One afternoon, Rose and I were shopping in a large department store. Rose was several yards away from me between the clothes racks. I could see the top of her head. I saw her head turn to look at two people and a dog strolling through the aisles in her direction. I knew she had spotted the dog’s vest. I also knew that she would be interested in watching the dog in action.
The big, shaggy hound was wearing a red triangular vest on its harness. The vest was a sign that the dog was a service dog of some sort. Our family had discussed the possibility of getting a ‘seizure dog’ several times. Rose had no aura before most of her seizures. Having a dog that could alert her that a seizure was coming would be a nice warning. Rose could at least get to the floor before falling down.
I watched Rose watching the dog approach. The two adults were deep in conversation. They were paying attention to each other and not the dog. As I stood watching, the dog turned and walked away from the two people. It stopped and stood in front of Rose. I watched as my daughter and this dog looked into each others eyes.
The trainer was surprised by the dog’s behavior. He pulled on its retractable leash and gave a command for it to return to the side of the other adult. The dog hesitated to leave Rose. He paused for a few more seconds, before rejoining his trainer. The two seemed surprised by the dog’s break in training.
I spoke to the two people. I told them that Rose had epilepsy. Their looks of dismay turned into smiles. This gentle giant of a dog was a seizure dog in training. What they first thought of as bad behavior on his part, now took on a different meaning. The dog knew that Rose had epilepsy. His name was Mr. Biggles. He was with his trainer and new owner.
I got the name and number of the company that trained the dog. The threesome continued to slowly stroll around the store. Rose and I looked at each other in wonder. “How did he know?” she asked me.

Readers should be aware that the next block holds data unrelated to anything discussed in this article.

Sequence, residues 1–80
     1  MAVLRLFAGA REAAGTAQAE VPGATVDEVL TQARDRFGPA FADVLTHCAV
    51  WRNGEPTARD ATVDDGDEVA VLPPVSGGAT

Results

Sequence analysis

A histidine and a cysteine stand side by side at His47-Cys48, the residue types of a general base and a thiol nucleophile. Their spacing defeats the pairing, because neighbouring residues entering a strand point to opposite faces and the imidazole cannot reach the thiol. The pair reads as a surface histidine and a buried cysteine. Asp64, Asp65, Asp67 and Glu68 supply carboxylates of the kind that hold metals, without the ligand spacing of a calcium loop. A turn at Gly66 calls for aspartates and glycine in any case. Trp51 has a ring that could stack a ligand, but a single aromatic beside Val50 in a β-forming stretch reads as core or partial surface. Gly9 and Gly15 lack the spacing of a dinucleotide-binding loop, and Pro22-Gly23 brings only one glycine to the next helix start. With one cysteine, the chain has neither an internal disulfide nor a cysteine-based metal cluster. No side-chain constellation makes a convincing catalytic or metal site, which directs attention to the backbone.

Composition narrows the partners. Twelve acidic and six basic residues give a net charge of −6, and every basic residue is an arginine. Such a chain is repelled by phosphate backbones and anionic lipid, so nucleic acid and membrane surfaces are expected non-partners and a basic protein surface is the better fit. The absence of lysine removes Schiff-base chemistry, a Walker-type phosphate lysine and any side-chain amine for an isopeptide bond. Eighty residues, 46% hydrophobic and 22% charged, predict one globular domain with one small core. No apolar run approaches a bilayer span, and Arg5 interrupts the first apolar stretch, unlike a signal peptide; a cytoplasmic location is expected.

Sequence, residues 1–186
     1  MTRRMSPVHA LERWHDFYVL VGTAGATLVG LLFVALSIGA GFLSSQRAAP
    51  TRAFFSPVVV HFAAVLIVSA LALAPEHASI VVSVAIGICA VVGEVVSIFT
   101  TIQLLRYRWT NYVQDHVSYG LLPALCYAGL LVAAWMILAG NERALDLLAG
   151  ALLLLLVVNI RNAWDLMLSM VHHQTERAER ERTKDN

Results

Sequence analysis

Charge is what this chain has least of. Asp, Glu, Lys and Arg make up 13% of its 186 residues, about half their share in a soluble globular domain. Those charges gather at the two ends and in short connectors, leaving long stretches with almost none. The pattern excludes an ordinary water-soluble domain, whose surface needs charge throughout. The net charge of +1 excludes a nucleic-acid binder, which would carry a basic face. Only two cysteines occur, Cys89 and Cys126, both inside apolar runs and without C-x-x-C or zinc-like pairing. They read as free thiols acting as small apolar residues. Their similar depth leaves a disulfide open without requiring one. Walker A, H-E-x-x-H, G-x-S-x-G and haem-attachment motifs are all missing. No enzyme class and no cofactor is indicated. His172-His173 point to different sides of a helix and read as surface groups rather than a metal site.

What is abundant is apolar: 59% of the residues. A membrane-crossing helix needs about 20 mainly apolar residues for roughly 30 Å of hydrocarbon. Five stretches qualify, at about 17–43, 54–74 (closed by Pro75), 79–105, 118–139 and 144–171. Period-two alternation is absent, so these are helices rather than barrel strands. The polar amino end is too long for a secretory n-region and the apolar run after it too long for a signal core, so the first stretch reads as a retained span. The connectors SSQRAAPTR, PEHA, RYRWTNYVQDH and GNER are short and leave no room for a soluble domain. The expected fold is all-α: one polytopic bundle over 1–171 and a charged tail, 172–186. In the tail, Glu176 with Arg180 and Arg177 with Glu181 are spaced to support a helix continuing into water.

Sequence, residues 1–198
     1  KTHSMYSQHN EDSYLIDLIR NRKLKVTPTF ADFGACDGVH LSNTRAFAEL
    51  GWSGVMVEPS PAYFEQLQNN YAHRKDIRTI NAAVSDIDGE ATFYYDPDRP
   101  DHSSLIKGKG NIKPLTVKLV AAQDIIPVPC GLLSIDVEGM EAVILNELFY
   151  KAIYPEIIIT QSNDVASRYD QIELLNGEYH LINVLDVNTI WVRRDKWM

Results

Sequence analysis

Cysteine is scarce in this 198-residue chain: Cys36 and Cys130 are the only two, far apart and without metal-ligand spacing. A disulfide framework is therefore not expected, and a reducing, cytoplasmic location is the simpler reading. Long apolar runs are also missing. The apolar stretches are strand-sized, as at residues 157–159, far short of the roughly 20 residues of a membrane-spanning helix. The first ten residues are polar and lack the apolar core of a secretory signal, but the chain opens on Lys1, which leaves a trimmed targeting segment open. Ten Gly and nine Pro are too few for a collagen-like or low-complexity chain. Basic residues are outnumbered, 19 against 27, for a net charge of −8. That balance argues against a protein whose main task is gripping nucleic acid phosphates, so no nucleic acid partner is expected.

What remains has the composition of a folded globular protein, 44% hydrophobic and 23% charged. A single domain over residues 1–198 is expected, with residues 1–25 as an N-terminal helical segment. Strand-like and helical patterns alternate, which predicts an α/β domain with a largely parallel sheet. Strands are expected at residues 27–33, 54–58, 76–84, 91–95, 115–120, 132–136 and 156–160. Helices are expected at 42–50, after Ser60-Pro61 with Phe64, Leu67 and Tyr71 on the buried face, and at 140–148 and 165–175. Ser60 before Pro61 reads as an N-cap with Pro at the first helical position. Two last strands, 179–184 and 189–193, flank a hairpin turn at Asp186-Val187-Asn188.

It was my turn to be concerned. My first thought was that maybe he sensed an on-coming seizure. I told Rose that possibly he could smell the various seizure medications in her sweat?
Either way, I had a new hope for Rose. Maybe someday a dog could help to keep her safe.
SEIZURE MAMA SPEAKS NOW
We have not gotten a seizure dog for Rose during these twenty-four years. We had other dogs while she was growing up. This would have complicated the training of a companion pet. We did seriously consider one during the times when her seizures were frequent. They can be very expensive.
I did talk to a woman from this company about training a dog for Rose. She said that the dog must be trained with the person while having seizures. Roses seizures became so infrequent, that it would not be possible to train a dog for her. This was a mixed blessing.
Now that Rose is an adult, she may need a service dog just for protection. She goes places by herself. She is very independent. Several weeks ago, Rose had a seizure while away at college. It was at night while she walking beside a road. A dog could have at least stopped traffic.
If Rose ever needs a seizure dog, this little incident that happened in the store years ago convinced me that there are dogs who can sense more than her mama can. I am sure that Mr. Biggles has been a blessing to his owner.